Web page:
Today is the feast day of St David (Dewi Sant), patron saint of Wales. According to Rhigyfarch’s “Life of Saint David”, David lived in the 6th century and founded religious centres including Glastonbury and Croyland. He then travelled to the Holy Land and was made archbishop at Jerusalem before travelling back to Wales and settling at Glyn Rhosyn, or St David’s. There, he founded a monastery whose site is now marked by St David’s Cathedral.
Dewi and his community were said to have performed many miracles which included Dewi causing the ground to rise beneath him while preaching at the Synod of Llanddewibrefi so that everyone could see him.
Dewi died in 589 and was recognised as a Catholic saint in 1120. His feast day, 1st March, is now no longer a religious feast but is a national celebration of Wales and Welsh identity. It is traditional for Welsh people to wear a daffodil or leek on 1st March, and the leek as a symbol of Wales is linked to two legends:
- The legend of the soldiers of the ancient British king, Cadwaladyr, wearing leeks so that they would know who their comrades were in battle.
- The legend that the Welsh archers fought in a field of leeks at the Battle of Crécy when Edward, Prince of Wales, defeated France. It was said that Welshmen then wore leeks on their caps on St David’s Day to remember the courage of the archers.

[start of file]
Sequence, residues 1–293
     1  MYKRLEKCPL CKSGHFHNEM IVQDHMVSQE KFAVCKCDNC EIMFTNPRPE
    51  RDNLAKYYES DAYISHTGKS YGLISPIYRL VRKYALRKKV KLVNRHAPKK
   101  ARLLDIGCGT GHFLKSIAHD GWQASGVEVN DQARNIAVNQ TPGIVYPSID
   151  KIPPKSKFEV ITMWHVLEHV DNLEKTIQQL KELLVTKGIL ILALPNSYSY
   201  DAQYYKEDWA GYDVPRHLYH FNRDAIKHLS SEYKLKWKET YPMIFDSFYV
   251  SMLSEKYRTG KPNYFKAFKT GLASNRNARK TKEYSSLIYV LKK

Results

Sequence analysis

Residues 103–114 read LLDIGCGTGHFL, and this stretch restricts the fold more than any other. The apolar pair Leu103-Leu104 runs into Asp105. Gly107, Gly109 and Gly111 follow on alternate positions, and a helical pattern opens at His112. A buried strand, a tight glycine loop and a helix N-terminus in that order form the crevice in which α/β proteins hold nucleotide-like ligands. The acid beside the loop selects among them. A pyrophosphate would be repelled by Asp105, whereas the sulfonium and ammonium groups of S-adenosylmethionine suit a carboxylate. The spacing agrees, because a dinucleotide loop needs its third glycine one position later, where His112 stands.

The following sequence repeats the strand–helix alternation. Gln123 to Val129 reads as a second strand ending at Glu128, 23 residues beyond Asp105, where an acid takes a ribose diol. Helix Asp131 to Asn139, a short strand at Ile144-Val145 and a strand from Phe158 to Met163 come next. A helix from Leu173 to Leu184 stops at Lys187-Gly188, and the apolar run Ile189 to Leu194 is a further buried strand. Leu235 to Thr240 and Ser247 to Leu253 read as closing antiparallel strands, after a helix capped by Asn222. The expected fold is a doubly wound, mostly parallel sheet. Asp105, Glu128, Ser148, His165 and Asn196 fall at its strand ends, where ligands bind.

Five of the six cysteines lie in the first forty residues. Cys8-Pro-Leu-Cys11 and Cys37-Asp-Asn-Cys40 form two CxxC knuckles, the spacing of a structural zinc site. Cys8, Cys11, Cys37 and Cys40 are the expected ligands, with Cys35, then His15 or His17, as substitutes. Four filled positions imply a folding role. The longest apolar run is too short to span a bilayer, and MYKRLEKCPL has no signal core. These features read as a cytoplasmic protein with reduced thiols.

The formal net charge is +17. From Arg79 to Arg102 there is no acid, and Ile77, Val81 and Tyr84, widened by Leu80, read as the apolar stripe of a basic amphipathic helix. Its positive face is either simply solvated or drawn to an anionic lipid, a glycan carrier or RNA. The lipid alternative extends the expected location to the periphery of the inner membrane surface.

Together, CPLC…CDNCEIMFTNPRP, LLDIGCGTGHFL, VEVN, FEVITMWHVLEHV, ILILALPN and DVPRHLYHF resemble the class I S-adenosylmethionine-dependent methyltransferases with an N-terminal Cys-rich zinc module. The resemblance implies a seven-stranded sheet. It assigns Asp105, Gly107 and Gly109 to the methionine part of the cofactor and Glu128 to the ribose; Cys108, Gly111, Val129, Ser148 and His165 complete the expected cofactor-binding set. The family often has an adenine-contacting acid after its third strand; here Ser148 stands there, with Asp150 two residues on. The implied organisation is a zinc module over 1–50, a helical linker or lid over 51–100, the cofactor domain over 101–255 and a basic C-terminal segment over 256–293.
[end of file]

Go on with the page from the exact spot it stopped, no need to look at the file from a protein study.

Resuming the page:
W. Carew Hazlitt, in the book “Faith and Folklores”, writes of how Henry VII “having Welsh blood in his veins” felt particularly obliged to observe the feast day and records show that he paid £2 one March for a feast for Welshmen. According to the Privy Purse Expenses of Henry VIII’s daughter, Princess Mary, she was presented with a leek by yeoman of the guard on the feast day in 1536, 1537 and 1543.*
Notes and Sources
*The gifts to the yeoman guard for bringing the leek are dated 1536, 1537 and 1543 but those are old style, with 1st March being before the Tudor New Year on Lady Day (25th March), so we’d actually refer to these dates as 1st March 1537, 1538 and 1544.
- Museum of Wales
- Why do we wear daffodils and leeks?
- Faiths and Folklores, W. Carew Hazlitt
- Privy purse expenses of the Princess Mary, daughter of King Henry the Eighth, afterwards Queen Mary, ed. Frederick Madden